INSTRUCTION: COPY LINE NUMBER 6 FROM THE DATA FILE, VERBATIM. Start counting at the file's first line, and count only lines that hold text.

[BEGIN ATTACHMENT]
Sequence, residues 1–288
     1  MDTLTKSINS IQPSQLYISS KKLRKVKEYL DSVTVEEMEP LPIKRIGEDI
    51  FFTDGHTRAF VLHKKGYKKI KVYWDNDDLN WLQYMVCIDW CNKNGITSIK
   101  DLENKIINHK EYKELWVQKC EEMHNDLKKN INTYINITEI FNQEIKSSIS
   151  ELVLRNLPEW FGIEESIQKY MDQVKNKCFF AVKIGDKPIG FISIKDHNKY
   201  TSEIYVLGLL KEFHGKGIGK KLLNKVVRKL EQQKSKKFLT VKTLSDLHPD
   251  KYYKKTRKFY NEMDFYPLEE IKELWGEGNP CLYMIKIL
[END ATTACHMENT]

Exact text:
   201  TSEIYVLGLL KEFHGKGIGK KLLNKVVRKL EQQKSKKFLT VKTLSDLHPD